Chasrick at defense table

Chasrick Soren Heredia, right, sits at the defense table with public defender Julian Jefferson at the start of his attempted murder trial on Tuesday.

MANCHESTER — Video evidence does not support police claims a man celebrating his 24th birthday at GlowBar tried to murder a police officer, the defense argued as the trial got underway Tuesday.

Chasrick Soren Heredia is charged with attempted murder, felony assault, felony riot and six misdemeanor counts of simple assault and resisting arrest for the May 10, 2018 fracas outside the Hanover Street establishment.

The attempted murder charge alleges Heredia held Manchester police officer Canada Stewart down in the street by her hair and repeatedly punched her face.

At the time of his arrest, the assault on Stewart was characterized as she being “jackhammer punched” by Heredia.

Public defender Julian Jefferson was quick to counter that assertion Tuesday. Citing the video evidence, he painted a picture of police overreacting and turning violent as a crowd grew outside GlowBar and heaped scorn on the officers.

“The only one throwing wild punches, hitting his (Heredia’s) head and hers (Stewart’s) is officer (Michael) Rosce,” Jefferson said. “(Heredia) sits before you now wrongly accused of attempted murder.”

Prosecutors admit video of the incident does not support the “jackhammer” punching claim, but the officer’s terror is clear, said Donald Topham, who is prosecuting the case for Hillsborough County.

“You can hear her screams. When you hear them, you can hear she is terrorized,” he said. “She is afraid she is going to die right there on Hanover Street in front of the GlowBar.”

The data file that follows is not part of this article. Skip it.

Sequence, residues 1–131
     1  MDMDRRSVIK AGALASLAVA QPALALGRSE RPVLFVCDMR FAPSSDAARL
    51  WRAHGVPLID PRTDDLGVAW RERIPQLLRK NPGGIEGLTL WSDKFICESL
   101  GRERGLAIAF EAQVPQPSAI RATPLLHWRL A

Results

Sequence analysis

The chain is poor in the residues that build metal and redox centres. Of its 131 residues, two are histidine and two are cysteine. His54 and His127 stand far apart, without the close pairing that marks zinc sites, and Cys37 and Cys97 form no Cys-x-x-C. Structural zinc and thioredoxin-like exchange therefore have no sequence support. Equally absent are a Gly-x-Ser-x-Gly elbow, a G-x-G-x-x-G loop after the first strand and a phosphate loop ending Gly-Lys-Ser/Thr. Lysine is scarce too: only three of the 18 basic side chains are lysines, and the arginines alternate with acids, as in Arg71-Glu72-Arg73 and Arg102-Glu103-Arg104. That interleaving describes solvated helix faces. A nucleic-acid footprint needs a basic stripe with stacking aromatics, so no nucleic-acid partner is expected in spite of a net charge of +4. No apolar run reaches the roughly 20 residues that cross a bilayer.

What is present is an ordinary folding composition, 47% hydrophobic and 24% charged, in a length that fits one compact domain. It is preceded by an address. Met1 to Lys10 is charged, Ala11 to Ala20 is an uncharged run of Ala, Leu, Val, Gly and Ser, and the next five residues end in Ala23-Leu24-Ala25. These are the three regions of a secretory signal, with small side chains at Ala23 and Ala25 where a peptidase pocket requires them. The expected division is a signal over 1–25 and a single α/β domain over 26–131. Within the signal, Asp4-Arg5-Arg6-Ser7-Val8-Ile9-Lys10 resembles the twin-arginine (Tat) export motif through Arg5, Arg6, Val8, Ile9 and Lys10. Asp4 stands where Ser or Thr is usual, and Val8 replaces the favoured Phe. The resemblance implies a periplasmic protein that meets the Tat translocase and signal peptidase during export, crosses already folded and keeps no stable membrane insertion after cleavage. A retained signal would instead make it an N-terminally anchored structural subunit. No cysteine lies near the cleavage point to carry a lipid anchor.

At another point, Topham claimed, Heredia punched Stewart in the face as police tried to take his cellphone away.

Prosecutors claim Stewart lost consciousness at one point and suffered a concussion that caused her to miss work for an extended period.

However, the video paints a somewhat different picture, according to Jefferson. It shows Stewart in the immediate aftermath of the alleged attack interacting with the crowd and speaking to the person video-recording the incident.

The trial is expected to include testimony from police and witnesses that night, a doctor who treated Stewart, and a frame-by-frame analysis of the video.

In early testimony, police described a scene that quickly grew confrontational outside the bar, which was located on Hanover Street near the corner of Chestnut Street.

Initially at issue was a bouncer preventing Heredia’s brother, Joshua, from returning to the bar.

Chasrick Heredia, who police said was intoxicated, first got into a shoving match with a friend who was trying to convince him to obey police and leave, according to officer Nathan Harrington.

Once they stepped onto the street, police felt they had to take action. But one of the men tried to grab officer Roscoe’s belt, Harrington testified.

Police brought Heredia to the ground and while they struggled, others in the crowd were striking officers from behind, Topham said.

During this, Heredia, who was prostrate on the ground, kept his arms locked under his body.

Jefferson told jurors he was trying to hold on to “the only source of power he thought he had” — the video camera on his phone.

At one point all three officers — Harrington, Roscoe and Stewart — were atop Heredia.

With the angry crowd closing in, Roscoe got up to push them back, Harrington testified. Harrington then got up to assist Roscoe, who was being surrounded.

Harrington testified that backup was probably a minute away.

“I was just trying to hang on and persevere,” he told the jury.

That’s when Harrington said he looked to his left and saw Heredia grab Stewart’s hair. The officer did not mention repeated blows during Topham’s questioning.

Thirteen women comprise the 14-person jury pool, which will be whittled to 12 after testimony concludes.

Several friends and family members of Heredia were in court Tuesday morning, including his grandmother, Ann Barry. She called her grandson a good kid with a fondness for animals and his 4-year-old daughter.

“They’re lying,” she said of police, alleging they used excessive force in the arrest.

Correction: Due to an editing mistake, a previous version of this story had erroneous information. Prosecutors in the case were the first to publicly characterize the alleged blows to Officer Stewart as "jackhammer punches."